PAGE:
Over the years there have been many instances of new services causing infererence with existing services. Back in the days of CB radio, some guy in a neighbourhood would get a CB set and wipe out reception on TV channel 2 because the second harmonic of the 27 MHz CB band falls in the 54 to 60 MHz assignment of the TV station. The CB radio could be operating legally but the signal level was sufficient to cause tuner overload and generate the second harmonic inside the TV tuner. The solution was a high pass filter to block the 27 MHz signal from getting into the TV tuner. In some cases, the CB owner might have to put a high pass filter into the antenna line to ensure that second harmonics from the transmitter (type approved and operating legally) did not get to the antenna.
In the case of the LTE transmitter, I would be very surprised if the transmitter is not fully compliant with the Industry Canada technical requirements. The transmitter is experimental in Canada but the equipment is commercially available and deployed elsewhere. The equipment manufacturer does not want to create problems for its customer, the wireless company, or be forced into an expensive retrofit program to correct a problem. Wireless companies spend huge amounts on equipment and when problems occur will force the cost of remediation back on the equipment supplier including the labour and inconveniece of swapping equipment. The telecommunications equipment manufacturer doesn't 'value engineer' like the low cost consumer electronics guys.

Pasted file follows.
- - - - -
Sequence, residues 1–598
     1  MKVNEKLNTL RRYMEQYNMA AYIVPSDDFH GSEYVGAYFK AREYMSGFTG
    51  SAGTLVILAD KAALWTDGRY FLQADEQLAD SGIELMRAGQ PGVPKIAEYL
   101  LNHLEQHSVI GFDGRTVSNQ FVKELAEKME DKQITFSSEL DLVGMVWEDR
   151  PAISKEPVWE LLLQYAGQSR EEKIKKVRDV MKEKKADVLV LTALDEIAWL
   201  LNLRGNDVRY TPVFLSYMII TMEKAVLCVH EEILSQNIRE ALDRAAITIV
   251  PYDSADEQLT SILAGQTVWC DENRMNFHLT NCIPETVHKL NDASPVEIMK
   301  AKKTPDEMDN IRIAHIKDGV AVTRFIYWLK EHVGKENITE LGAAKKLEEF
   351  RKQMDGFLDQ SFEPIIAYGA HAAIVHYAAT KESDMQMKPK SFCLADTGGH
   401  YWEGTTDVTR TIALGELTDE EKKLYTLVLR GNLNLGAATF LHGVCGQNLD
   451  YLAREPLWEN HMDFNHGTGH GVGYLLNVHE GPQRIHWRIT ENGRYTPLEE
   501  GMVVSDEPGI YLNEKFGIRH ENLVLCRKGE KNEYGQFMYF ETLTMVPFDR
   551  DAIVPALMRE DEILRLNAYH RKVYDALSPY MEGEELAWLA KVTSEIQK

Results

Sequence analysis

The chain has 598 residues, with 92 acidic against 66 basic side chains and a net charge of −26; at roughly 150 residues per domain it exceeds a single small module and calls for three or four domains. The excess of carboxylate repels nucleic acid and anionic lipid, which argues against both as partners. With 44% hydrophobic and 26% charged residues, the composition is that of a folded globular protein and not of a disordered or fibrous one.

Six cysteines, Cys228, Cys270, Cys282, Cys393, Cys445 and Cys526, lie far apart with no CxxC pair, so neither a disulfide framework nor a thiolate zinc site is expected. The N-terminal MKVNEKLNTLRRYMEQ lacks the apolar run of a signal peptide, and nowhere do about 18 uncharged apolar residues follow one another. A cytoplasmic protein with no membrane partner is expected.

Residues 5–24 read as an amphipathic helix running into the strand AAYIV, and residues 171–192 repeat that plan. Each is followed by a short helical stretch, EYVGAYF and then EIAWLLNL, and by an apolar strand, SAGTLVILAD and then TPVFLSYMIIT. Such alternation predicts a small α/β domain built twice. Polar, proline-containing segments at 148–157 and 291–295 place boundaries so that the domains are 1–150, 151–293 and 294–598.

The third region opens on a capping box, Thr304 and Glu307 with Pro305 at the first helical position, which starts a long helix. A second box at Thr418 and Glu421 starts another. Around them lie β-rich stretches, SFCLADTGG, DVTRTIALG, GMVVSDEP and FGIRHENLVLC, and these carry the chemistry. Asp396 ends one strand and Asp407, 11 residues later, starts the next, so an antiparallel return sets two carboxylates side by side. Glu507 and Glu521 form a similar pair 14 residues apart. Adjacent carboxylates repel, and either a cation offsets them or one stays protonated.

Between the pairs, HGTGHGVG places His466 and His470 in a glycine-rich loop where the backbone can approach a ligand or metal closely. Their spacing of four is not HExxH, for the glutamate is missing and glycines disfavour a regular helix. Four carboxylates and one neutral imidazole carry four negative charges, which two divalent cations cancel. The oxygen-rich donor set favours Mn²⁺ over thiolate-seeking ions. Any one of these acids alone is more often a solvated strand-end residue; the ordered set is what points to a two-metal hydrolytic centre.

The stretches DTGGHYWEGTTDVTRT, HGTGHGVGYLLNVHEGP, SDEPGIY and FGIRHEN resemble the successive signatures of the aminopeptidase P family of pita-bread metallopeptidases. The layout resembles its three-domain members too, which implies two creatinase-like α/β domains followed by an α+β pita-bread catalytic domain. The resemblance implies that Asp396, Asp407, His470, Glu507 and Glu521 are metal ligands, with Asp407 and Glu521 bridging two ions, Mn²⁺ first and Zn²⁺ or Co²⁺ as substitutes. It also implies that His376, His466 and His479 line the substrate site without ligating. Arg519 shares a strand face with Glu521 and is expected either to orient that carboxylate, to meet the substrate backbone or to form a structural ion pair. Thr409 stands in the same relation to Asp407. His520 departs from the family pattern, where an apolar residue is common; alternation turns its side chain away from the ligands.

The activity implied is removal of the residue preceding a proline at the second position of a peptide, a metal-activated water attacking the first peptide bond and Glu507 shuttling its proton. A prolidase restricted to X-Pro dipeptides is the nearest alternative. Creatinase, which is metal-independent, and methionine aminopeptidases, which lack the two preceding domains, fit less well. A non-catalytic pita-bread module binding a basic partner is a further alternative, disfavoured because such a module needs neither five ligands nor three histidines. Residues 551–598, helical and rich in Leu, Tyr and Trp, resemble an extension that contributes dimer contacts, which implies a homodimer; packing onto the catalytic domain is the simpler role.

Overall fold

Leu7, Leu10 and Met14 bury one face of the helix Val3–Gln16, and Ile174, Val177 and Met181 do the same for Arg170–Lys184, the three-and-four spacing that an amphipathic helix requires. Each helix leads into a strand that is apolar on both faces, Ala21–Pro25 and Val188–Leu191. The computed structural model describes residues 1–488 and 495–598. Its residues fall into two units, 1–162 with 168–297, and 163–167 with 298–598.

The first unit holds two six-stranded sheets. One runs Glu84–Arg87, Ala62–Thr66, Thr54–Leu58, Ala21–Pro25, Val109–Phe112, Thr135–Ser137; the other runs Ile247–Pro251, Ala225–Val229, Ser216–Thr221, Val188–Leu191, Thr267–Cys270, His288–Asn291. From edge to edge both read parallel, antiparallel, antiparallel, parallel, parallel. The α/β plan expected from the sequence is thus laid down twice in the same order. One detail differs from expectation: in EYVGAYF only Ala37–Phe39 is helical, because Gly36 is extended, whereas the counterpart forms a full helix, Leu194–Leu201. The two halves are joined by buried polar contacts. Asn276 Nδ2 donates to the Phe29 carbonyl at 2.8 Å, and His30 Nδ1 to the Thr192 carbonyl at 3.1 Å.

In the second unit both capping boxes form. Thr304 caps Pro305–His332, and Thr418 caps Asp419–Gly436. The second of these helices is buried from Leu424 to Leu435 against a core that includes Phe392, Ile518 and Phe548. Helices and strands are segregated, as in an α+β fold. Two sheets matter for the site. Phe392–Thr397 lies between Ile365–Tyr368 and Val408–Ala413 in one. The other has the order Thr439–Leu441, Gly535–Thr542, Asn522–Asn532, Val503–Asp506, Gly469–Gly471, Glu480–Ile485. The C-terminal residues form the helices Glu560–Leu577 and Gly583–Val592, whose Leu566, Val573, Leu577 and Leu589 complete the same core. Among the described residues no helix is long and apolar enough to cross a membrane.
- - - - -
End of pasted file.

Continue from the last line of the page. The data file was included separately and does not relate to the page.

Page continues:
Over the years, many homes and businesses have experienced interference to their electronics when other parties legally install and operate RF transmitters nearby. At the end of the day, I think the most likely cause of your problems will be your consumer electronics and the use of channel 58 for the experimental transmission. Post transition, a low pass filter will keep the RF out of the front end of the tuner and should restore TV normal reception. As a goodwill gesture, perhaps Rogers could arrange for you to receive basic cable service until the channel 60 broadcaster puts a digital signal up below channel 52 and you get a low pass filter.